At the 1956 Olympic Games in Melbourne, Australia, her relay team won the bronze medal. Four years later, she set a world record for the 200 meter dash during the Olympic trials. Then during the Olympic games in Rome, she became the first American woman to win three gold medals in the 100 meter dash, the 200 meter dash and the 400 meter relay.
Wow! Starting off facing such formidable obstacles, Wilma Rudolph certainly achieved greatness and received numerous awards in recognition of her success, including the Black Sports Hall of Fame, the U.S. Track and Field Hall of Fame, the U.S. Olympic Hall of Fame and the National Women’s Hall of Fame.
In 1993, she became the first recipient of President Clinton’s National Sports Award. She died of a brain tumor at the age of 54.
5. Maria Montessori
As a teacher myself, I had no hesitation in choosing Maria Montessori for this list. She was born in Rome, Italy in 1870 to an upper middle class family, and in 1896 she became Italy’s first female doctor. One can only imagine how persistent she had to be to achieve such a seemingly impossible goal.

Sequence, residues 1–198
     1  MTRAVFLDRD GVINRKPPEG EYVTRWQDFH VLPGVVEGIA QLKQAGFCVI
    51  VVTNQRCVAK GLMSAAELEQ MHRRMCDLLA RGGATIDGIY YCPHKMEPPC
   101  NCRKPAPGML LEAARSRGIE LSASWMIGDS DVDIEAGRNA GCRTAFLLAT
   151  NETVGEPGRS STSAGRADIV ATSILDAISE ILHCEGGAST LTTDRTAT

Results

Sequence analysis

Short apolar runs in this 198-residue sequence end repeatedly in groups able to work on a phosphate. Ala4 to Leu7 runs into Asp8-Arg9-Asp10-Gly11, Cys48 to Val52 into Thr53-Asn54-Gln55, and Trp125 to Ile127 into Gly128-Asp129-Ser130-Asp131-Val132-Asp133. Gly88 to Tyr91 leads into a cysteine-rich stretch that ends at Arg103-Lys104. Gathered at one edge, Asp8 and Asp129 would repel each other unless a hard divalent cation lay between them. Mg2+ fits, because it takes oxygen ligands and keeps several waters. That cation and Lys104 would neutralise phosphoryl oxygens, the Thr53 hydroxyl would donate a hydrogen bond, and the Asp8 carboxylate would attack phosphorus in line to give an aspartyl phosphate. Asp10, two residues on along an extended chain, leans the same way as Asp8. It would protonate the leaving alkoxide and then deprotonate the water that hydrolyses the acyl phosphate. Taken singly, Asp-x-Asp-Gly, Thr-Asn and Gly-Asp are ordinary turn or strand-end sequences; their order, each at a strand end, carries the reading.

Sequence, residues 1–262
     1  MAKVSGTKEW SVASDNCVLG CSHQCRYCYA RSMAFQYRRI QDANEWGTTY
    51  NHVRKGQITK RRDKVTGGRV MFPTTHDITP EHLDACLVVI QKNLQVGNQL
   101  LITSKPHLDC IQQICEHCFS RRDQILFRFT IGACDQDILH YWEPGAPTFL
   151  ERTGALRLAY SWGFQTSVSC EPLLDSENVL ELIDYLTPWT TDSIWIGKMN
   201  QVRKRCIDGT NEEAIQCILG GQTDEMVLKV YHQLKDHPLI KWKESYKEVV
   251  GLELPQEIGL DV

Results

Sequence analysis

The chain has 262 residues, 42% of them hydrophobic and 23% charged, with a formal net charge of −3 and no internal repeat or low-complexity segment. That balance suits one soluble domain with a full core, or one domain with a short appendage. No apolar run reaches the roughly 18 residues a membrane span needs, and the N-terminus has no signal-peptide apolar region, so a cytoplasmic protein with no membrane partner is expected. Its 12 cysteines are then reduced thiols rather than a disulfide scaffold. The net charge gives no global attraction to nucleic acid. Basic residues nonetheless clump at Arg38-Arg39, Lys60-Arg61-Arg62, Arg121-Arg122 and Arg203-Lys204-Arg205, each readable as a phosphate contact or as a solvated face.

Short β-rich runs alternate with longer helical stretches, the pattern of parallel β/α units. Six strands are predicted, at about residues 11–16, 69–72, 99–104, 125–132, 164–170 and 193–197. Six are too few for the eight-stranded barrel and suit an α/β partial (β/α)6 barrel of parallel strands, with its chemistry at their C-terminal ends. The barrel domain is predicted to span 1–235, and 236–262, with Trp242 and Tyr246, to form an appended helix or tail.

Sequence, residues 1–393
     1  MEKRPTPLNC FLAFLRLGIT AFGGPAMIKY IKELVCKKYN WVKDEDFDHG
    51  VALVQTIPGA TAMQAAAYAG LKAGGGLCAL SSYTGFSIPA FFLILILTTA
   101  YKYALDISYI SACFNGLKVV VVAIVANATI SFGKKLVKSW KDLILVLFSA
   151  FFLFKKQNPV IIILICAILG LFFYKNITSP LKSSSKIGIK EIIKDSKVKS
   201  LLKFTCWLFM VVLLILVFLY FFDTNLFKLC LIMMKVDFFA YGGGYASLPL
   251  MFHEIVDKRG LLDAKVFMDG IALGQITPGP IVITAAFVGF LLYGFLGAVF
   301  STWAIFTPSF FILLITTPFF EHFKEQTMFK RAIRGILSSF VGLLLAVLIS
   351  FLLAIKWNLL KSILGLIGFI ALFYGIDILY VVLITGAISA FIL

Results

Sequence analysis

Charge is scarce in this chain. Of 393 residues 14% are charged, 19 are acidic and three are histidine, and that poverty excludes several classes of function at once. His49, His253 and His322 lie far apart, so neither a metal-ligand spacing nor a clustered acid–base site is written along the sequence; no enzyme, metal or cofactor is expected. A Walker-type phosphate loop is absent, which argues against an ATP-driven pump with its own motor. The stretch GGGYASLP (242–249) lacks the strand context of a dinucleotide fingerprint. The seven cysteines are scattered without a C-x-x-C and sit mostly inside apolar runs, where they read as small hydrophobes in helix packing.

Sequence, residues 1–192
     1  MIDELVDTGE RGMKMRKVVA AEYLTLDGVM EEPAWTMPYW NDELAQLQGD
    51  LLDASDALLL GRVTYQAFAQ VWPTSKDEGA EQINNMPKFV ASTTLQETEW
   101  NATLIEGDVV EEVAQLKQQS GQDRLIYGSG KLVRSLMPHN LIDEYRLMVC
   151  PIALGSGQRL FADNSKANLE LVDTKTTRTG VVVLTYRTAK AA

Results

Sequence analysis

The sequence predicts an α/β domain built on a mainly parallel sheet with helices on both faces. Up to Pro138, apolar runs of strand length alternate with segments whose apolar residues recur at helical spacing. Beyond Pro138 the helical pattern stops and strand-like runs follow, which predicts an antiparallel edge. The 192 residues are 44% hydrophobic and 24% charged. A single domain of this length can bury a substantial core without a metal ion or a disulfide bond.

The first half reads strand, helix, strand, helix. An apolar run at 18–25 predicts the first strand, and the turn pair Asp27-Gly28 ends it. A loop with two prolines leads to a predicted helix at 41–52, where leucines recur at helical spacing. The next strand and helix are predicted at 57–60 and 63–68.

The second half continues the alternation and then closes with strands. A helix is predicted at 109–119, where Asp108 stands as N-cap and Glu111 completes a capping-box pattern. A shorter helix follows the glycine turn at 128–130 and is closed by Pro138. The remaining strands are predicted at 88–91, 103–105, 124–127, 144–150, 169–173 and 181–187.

After that she started working with disabled children but soon abandoned the traditional reading and reciting teaching methods, favoring the use of concrete objects. She revolutionized education by her belief that children learn best by doing and experiencing, and not by memorizing. When her students scored higher than the “regular” students on the same test, she knew she wanted to extend her approach to all children, and she opened a Casa dei Bambini in the slums of Rome.
Her influence on the education of young children has been enormous, not just in the numerous Montessori schools around the world, but for all preschool and kindergarten students.
Montessori died in 1952.
Of course there are plenty more female heroes — who would you like to see on this list?
Photo Credit: lewishamdreamer